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lvpriest

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NOT being diagnosed celiac because of false negatives on blood tests has far reaching complex affects on people's well being. Hence the original post.

As a sero-negative celiac boy can I second that! If only doctors had thought to have me just do a dietary trial, since I was a classic celiac symptom wise, it would have made an incredible difference in my life and that of my children. It has serious effects on kids when they are watching their mother die a little more every day.

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I got your point. I happen to disagree with you. It's nothing personal, but when you are around here longer you'll see what that diagnosis means to people and how not having it affects them.

False negatives are common on the blood tests. If you have severe reactions to gluten you have celiac disease in my opinion. It's a flaw in the testing methods that causes years of undue suffering and much psychological suffering from those who feel like a "fraud" because they don't have a "real" diagnosis.

When you say "I am glad you don't have celiac disease" well, it's not something to be glad about when someone knows they have celiac, has symptoms of celiac and are being told by doctors it's in their head. That lack of definitive diagnosis affects people's ability to comply with the diet, their ability to convince others of the seriousness of their condition, and their ability to have mental peace with the lifestyle. NOT being diagnosed celiac because of false negatives on blood tests has far reaching complex affects on people's well being. Hence the original post.

I do not believe for a second you don't have celiac disease with the reactions you have and the dietary response you've gotten. The tests are flawed.

So, wait. You're saying that even though I am still testing OK to absorbing nutrients, that I nonetheless have celiac disease? That anyone who is intolerant of gluten is to the point where they have celiac disease?

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So, wait. You're saying that even though I am still testing OK to absorbing nutrients, that I nonetheless have celiac disease? That anyone who is intolerant of gluten is to the point where they have celiac disease?

I just came home from my GI appointment. The results from the small intestine biopsies done 3 weeks ago says in black and white type: NO INDICATION OF CELIAC DISEASE. So if I go by this test, I do not have celiac disease which is incorrect. I have celiac disease but I was gluten free before the test so it does not show up because my intestines have healed back to normal. This does not mean I can eat gluten or that I do not have celiac disease. A gluten free diet is probably the best test.

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I just came home from my GI appointment. The results from the small intestine biopsies done 3 weeks ago says in black and white type: NO INDICATION OF CELIAC DISEASE. So if I go by this test, I do not have celiac disease which is incorrect. I have celiac disease but I was gluten free before the test so it does not show up because my intestines have healed back to normal. This does not mean I can eat gluten or that I do not have celiac disease. A gluten free diet is probably the best test.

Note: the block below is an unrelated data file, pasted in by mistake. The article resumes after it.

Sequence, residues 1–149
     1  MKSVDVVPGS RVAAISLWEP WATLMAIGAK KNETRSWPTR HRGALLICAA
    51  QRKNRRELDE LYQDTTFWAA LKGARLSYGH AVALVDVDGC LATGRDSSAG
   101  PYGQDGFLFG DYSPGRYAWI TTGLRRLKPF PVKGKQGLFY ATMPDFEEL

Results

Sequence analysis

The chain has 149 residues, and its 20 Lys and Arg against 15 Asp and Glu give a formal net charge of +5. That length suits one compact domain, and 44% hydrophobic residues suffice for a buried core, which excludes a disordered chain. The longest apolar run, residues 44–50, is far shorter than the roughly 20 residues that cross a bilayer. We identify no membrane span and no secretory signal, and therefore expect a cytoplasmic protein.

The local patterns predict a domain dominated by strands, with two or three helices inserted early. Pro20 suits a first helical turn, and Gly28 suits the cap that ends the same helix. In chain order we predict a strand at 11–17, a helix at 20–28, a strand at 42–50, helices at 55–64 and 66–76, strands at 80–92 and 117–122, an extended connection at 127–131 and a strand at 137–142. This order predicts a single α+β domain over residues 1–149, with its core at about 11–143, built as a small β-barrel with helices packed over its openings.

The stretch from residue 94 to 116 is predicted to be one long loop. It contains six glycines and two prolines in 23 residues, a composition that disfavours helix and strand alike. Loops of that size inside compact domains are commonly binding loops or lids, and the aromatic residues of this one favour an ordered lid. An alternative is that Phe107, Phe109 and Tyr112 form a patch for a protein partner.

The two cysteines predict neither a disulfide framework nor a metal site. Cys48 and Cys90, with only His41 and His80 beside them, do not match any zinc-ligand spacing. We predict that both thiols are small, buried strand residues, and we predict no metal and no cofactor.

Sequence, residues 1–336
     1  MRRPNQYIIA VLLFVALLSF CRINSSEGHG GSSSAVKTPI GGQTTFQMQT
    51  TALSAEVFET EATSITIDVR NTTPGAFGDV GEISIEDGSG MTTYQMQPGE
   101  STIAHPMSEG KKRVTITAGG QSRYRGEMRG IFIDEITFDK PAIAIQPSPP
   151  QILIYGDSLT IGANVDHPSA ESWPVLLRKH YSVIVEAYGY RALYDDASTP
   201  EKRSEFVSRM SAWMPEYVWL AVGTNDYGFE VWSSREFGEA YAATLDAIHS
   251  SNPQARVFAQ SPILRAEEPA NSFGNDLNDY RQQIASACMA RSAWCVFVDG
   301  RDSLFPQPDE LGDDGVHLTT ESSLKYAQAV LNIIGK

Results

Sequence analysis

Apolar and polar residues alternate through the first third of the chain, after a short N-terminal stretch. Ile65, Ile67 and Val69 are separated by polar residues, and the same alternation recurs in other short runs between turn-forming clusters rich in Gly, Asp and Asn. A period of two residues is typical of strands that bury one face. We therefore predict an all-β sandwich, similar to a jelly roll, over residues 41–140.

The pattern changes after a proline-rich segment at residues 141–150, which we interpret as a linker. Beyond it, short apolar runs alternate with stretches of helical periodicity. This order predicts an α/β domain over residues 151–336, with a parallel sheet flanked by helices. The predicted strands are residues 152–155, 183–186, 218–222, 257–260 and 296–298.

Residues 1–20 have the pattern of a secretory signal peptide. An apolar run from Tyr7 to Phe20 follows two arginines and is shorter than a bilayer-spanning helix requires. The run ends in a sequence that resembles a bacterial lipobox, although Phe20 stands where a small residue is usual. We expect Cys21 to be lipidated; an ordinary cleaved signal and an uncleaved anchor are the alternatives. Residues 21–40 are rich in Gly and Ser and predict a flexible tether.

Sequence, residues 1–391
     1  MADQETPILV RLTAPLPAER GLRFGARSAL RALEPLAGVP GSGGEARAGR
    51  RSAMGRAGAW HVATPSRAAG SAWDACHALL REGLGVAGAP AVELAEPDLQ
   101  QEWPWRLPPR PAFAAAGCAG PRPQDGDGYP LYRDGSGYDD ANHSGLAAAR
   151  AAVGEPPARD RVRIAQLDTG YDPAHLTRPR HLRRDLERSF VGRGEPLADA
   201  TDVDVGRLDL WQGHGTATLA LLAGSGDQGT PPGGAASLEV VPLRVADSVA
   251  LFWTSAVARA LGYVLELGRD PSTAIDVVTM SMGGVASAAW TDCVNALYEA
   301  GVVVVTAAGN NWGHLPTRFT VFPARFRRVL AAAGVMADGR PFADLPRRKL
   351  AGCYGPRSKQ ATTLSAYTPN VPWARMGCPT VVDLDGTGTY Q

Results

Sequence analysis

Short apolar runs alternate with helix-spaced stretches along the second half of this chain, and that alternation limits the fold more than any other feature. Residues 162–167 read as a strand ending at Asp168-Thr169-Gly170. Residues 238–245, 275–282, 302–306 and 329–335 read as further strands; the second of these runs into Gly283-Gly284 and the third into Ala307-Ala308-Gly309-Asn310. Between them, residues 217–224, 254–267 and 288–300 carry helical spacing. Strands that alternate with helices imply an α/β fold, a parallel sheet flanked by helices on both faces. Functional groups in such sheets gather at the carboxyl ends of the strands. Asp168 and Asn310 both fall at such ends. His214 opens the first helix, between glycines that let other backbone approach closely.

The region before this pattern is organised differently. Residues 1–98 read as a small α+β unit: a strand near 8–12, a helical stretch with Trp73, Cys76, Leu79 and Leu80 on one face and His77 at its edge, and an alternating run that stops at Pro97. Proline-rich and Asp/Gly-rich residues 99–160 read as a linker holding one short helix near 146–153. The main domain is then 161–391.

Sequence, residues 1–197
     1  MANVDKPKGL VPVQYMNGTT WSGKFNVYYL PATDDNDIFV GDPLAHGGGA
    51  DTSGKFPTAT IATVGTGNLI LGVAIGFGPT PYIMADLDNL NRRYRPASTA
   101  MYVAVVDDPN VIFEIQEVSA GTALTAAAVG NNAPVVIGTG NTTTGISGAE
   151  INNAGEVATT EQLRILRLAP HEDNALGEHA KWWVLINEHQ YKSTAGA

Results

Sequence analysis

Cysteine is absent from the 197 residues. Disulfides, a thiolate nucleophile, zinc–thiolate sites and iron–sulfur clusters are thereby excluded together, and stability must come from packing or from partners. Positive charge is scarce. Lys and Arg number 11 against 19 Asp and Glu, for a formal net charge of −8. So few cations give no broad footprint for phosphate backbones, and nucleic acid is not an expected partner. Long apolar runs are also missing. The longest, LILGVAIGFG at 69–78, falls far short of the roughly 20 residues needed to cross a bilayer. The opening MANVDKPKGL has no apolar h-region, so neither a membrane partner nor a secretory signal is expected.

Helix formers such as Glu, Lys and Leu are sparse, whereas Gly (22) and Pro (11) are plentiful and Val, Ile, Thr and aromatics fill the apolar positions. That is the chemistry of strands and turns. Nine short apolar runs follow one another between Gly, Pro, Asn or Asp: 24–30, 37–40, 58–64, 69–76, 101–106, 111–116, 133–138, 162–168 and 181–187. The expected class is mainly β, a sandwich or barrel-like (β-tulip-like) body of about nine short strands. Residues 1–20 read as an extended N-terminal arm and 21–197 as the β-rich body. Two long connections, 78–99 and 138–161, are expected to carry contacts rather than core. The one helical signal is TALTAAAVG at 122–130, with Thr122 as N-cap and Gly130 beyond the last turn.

But if I did a stool test and it showed that I was genetically intolerant to gluten, does this mean I have celiac disease??? I am not being argumentative, I am asking simply because I want to know.

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Wow...this is an interesting thread. I am the one who does not believe that I have Celiac...but my doctor insists that I do have it. Long story short...I have been really sick lately...seems like it came on after I made a batch of chocolate cup cakes and ate more than my share! At any rate...I am starting to believe....I have an endoscopy tomorrow to check on my ulcers...and they are going to also do biopsies. A year and 1/2 ago my doctor told me I had a two stomach ulcers and that he also thought I had Celiac...HOWEVER....until this week when I met with his P.A....I never realized I had an inlarged small intestine...and it also showed something on the biopsy...but I can't remember what she called it...He never told me that. After this is done the P.A. is sending me to a nutritionist who specializes in Celiac. At any rate... Mine even told me that they don't really have "specific" markers for the disease. Not all the test are accurate...therefore...you pretty much have to try going gluten-free to see if you are. Iit seems like there are some really bad GI's out there. If you get sick eating it...that should be proof for the GI...especially if he can't come up with anything else.

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I'm not sure anyone knows where the line really ought to be drawn between "gluten intolerant" and "celiac disease". If it makes you sick, don't eat it. If you have an "official" diagnosis, I guess you use it. If you don't (I don't), use the description that feels right to you, and don't poison yourself. I say I have celiac disease because my mother and numerous other relatives have been diagnosed, and I have the same symptoms, but the important thing is that you treat it and get well, not what you call it. My two cents.

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But if I did a stool test and it showed that I was genetically intolerant to gluten, does this mean I have celiac disease??? I am not being argumentative, I am asking simply because I want to know.

I am curious too. I am intolerant to a lot of foods....but it's not called anything...I am just intolerant.

Any what is the point in having an endoscopy if you have been off glutens for a while. Of course it's not going to show up?? Why do they do that?